Ryan Cafaro, Claudia Gadelha

Ryan Cafaro juggles coaching and fighting, for now

Ryan Kim Cafaro, Claudia Gadelha
Ryan Kim Cafaro and Claudia Gadelha

Ryan Cafaro is at a crossroad.

The featherweight is balancing life as a professional fighter and a coach. Coaching and fighting have gone hand-and-hand since Cafaro began his amateur career in 2009.

Cafaro is 7-5 after most recently losing by rear-naked choke in a three-round title fight with Tim Dooling at Ring of Combat 70, Nov. 21, 2019. A part owner at TKO Fitness in Cherry Hills, Cafaro’s coaching career is taking off.

He’s cornered over 100 fights, including for UFC fighters Marlon Moraes, Frankie Edgar, Claudia Gadelha and Sijara Eubanks. 

“I feel like I can coach forever, but I can’t do that for fighting. If there is something I should be focusing more on right now, it would be fighting,” Cafaro said. “I think due to my experience, I’ve never had a situation where I was unable to give the advice needed at the speed needed for coaching. I feel gifted in that sense.”

The fight game

The 30-year-old is still young in his coaching career, but is making one final run as a professional mixed martial artist. 

Like anything, there’s positives and negatives which Cafaro weighs in on when looking at his future. Coaching offered him insight on the importance of strategy and conducting game plans.

On the other side, cornering is taking time away from his own career inside the cage. Cafaro confessed that sometimes he mimics his fighters’ opponents too well. He puts so much time into learning to be a copycat, he forgets to train like himself.

The Philadelphia-based fighter sees coaching more long term, but prefers making the walk to the cage as a fighter.

“Coaching is way more nerve wrecking, I rather fight because you can’t control it,” Cafaro said. “Once I’m done fighting, I’ll probably be transitioning to coaching full time.”

From the corner

Cafaro already cherishes certain moments from coaching, including his time as an assistant coach on season 26 of The Ultimate Fighter. 

He worked closely with Eubanks of Team Edgar ahead of her quarterfinal bout with teammate DeAnna Bennett. After working specifically on a head kick for a week, Eubanks earned her only knockout of her career with, wait for it, a first-round head kick.

Another moment came more recently in Gadelha’s unanimous decision against Randa Markos at UFC 239 on July 6, 2019. While studying film, Cafaro noticed Markos’ tendency to leave her head open after taking a leg kick.

Gadelha landed a low kick and followed up with a head kick in the opening round. It never led to a knockout, but is still a proud moment for Cafro.

“I would say some of the more rewarding aspects of it are when your fighter trusts you and they execute what you’ve guys have been practicing the entire camp,” Cafaro said. “It’s definitely been an eye opening experience in terms of realizing some people will freeze at that level in terms of what you’re supposed to tell people.”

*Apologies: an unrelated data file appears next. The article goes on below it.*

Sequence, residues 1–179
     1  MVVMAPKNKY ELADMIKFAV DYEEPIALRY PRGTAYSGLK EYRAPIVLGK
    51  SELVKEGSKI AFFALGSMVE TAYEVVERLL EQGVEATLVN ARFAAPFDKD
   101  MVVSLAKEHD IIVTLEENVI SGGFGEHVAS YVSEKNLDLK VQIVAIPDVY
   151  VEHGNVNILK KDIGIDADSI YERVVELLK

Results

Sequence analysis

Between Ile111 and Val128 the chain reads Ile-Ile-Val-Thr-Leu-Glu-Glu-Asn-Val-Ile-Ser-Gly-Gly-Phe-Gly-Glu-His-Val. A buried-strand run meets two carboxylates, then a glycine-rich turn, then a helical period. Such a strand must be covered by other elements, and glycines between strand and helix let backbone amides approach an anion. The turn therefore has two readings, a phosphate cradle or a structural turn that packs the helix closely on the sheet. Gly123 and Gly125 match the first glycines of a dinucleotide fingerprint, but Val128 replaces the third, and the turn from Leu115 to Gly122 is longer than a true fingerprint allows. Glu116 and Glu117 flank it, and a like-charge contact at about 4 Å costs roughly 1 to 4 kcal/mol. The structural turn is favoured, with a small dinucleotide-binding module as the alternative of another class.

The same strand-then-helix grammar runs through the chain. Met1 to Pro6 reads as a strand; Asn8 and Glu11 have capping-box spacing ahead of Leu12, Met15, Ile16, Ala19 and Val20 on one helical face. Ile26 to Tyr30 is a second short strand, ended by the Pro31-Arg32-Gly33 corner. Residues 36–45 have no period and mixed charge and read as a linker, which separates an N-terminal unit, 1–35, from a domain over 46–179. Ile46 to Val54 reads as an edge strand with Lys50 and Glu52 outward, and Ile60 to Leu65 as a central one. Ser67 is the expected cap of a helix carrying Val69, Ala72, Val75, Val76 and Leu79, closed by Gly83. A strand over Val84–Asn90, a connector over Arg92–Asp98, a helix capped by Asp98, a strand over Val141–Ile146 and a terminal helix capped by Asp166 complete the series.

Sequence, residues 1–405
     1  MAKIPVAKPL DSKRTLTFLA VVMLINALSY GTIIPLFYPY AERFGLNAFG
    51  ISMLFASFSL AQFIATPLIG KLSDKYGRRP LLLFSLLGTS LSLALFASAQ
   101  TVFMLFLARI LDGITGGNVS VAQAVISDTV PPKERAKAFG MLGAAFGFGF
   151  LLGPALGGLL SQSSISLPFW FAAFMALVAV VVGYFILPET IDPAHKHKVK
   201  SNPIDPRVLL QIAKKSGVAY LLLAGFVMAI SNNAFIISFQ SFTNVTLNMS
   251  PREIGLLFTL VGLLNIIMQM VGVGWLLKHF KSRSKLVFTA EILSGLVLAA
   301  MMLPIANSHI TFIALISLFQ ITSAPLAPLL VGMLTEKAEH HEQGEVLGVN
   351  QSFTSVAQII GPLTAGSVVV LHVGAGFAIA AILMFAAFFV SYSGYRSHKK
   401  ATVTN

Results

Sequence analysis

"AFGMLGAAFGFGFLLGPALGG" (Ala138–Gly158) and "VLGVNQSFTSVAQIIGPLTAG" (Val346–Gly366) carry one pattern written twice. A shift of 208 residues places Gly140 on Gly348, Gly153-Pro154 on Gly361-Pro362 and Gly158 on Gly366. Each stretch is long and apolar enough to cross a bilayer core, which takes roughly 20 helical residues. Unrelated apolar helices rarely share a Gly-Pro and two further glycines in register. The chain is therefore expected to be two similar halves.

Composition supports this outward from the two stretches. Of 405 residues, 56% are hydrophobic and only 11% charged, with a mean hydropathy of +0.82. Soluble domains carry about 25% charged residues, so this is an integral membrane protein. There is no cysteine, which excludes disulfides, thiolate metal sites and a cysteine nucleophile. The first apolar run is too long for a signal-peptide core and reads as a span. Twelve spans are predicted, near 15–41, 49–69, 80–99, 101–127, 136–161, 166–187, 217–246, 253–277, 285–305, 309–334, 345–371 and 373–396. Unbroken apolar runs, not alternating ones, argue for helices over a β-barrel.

The right fit

Cafaro is making one more run in his own fighting career. It already started with multiple trips to different camps around the country, trying to see who he meshes with.

He traveled with Cody Garbrandt at Team Alpha Male in Sacramento, California. He’s also made a few trips to train with Duke Roufus at Roufusport MMA in Milwaukee, Wisconsin. Another option is joining Marlon Moraes at American Top Team in Coconut Creek, Florida.

The search for new scenery comes after going 1-3 in his last four fights. His lone victory includes a second-round guillotine over Michael Lawrence at Cage Fury Fighting Championships 74 on May 17, 2019.

He’s got a knack for finishing fights with six of his seven victories coming by either submission or technical knockout. Dooling is the only one to finish Ryan Cafaro in his seven years as a professional.

He is making sure to evaluate all of his options going forward. 

“I’ve just been looking for the right fit to where I’m actually being focused on as a fighter, not just a body or an extra person there,” Cafaro said. 

“There’s obviously benefits to every camp you go to,” he added. “The benefits might not even be just the training, it might be the ability to have cheap housing or assistance and things like that.” 

Having more to give

There’s not an exact timetable for when Cafaro plans to resume his professional MMA career. He is currently waiting out the COVID-19 pandemic, where he is unable to fill his role as a trainer at LA Fitness and UFC Gym branches.

He is scheduled to compete in a professional kickboxing bout with Triton Fights on June 28. Cafaro is not sure the fight will come to fruition with the uncertainty of the coronavirus.

One thing four sure is he plans to pick up both in the near future. Whether he is in the corner or inside the cage, Ryan Cafaro is all in. 

“I got plenty of mileage left in the gas tank despite being a lot older for the lighter weight classes,” Cafaro said. “The more I travel, the more I really realize I do really have a gift for coaching and gift for teaching the technical aspects of striking, in relation to MMA.”

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